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633_steve

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  1. How bizarre, I've just found thsi thread and noticed that the seller has used a photo of MY 150P (yes thats my scope sat on my patio and it is a 150P like others have said). He must have grabbed the pic from here. Not sure whether I should feel flattered or annoyed!
  2. I thought the 150PL was only available on an EQ rather than Dob mount?
  3. Another vote for the 150P dobsonian from me. It really is a tough scope to beat for a beginner.
  4. Great scope choice! Hope you get some dark clear skies this weekend.
  5. Great choice I also have a 150P dobsonian and would recommend it to anyone.
  6. I'm using the SW 10mm & 20mm supplied with the scope, plus a Celestron 12mm Plossl which was purchased seperately. The finderscope is OK, but I've recently bought a Telrad from FLO which is much easier to use as everything isn't back to front! I've still kept the original finderscope for locating fainter objects though. I've found that my plastic garden chairs are about the right height for viewing through the scope without having to place it on a table, although you do have to crouch to initially align the scope.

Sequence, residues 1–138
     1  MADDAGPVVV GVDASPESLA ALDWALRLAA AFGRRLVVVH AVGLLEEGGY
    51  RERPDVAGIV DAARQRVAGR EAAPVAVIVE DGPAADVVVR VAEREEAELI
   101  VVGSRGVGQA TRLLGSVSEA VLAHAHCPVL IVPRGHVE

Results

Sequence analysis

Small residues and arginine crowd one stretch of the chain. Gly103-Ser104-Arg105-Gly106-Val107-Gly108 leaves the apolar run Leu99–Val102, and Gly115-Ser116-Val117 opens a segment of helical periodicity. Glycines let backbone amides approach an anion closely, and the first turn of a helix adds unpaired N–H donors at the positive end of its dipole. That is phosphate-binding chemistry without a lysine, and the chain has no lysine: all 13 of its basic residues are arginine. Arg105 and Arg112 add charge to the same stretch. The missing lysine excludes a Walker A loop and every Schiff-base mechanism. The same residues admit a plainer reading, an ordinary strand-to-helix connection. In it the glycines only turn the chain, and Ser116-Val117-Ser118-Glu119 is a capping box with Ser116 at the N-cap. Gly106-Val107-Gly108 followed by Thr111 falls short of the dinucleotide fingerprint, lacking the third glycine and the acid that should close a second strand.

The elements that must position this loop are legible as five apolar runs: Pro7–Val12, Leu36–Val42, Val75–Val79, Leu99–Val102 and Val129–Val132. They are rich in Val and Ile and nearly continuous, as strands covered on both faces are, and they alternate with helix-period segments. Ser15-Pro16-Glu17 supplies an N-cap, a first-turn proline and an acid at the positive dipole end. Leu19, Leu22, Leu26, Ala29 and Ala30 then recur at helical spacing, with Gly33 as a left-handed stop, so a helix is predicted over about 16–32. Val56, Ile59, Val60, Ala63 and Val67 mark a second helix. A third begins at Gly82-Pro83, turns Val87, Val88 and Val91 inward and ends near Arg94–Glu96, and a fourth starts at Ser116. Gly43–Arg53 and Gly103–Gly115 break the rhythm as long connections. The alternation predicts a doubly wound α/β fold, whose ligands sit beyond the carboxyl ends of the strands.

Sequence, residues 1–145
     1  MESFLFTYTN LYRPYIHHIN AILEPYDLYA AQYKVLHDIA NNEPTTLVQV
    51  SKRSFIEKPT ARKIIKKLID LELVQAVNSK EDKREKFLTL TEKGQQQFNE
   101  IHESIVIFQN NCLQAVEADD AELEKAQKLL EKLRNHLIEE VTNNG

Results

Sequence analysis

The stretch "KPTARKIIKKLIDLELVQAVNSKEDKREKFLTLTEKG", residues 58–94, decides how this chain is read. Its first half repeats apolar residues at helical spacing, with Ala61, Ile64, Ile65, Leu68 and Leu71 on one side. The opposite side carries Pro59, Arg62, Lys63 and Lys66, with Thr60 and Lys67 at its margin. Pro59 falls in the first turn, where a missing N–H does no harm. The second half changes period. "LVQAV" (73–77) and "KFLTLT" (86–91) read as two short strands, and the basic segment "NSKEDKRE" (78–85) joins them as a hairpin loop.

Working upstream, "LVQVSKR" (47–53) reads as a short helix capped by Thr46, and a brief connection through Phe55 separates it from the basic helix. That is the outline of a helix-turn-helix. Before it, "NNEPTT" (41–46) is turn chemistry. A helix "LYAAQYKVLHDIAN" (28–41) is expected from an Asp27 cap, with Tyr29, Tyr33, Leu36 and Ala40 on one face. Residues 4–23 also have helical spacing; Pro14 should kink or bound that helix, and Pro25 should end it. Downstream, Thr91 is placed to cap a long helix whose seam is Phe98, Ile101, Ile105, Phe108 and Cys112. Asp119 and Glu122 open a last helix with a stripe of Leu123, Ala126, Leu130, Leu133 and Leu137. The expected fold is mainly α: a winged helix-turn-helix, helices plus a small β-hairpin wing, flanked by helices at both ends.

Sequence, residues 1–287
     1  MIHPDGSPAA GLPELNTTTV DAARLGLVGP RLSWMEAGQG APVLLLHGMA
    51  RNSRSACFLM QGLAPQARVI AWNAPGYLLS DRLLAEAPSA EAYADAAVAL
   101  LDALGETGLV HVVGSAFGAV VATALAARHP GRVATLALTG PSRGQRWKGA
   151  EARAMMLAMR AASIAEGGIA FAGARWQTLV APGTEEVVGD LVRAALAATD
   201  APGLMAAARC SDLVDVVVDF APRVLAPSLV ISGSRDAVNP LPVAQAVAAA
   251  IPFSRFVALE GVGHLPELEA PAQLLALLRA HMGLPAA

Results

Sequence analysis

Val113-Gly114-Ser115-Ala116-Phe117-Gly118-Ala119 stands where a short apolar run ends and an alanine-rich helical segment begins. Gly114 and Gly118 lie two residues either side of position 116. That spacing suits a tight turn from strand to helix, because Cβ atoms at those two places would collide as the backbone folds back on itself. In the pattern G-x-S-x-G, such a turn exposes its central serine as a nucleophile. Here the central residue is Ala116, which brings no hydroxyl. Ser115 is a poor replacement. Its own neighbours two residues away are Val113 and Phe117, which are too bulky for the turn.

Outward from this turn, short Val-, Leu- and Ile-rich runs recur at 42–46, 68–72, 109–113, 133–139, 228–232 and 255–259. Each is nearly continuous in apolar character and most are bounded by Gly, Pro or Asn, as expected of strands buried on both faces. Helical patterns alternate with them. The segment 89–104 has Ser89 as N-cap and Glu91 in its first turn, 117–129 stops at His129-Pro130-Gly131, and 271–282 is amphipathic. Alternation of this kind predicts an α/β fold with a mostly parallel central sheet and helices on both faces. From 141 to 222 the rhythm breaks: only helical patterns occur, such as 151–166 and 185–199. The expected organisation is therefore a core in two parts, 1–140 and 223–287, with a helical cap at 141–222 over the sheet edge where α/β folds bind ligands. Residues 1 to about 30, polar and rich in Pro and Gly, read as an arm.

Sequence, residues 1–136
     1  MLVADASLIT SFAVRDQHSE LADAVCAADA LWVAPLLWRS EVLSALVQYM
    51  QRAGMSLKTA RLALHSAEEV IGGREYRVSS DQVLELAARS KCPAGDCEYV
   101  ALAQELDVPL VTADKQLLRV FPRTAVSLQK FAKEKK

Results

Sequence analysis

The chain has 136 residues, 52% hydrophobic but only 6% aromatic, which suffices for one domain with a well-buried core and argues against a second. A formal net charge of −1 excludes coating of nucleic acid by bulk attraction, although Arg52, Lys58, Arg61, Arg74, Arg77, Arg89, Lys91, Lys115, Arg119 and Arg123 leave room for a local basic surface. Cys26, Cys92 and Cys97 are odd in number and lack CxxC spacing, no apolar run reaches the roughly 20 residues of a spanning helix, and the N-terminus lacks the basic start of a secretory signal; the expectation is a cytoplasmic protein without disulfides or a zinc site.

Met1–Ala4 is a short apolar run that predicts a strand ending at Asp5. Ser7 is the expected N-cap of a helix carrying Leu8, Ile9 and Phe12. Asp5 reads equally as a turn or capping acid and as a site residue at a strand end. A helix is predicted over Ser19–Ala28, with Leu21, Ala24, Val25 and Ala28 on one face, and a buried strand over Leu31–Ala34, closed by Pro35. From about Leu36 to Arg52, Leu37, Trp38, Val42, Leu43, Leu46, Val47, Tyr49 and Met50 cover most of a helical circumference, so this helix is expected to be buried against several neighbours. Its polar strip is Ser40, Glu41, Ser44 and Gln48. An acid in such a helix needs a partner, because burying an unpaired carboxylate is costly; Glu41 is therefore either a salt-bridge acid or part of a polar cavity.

7. I've also got a Skyliner 150P and totally recommend it to anyone who is new to astronomy. It's such a great scope for the money. I bought the standard Cheshire from FLO and it works great for collimation, but I've read that it's just as easy to use an old 35mm film case with a hole drilled in it, so you could try this first. As for the height, it stands about 4ft, but I do almost all of my viewing sitting in a garden chair and find the height fine.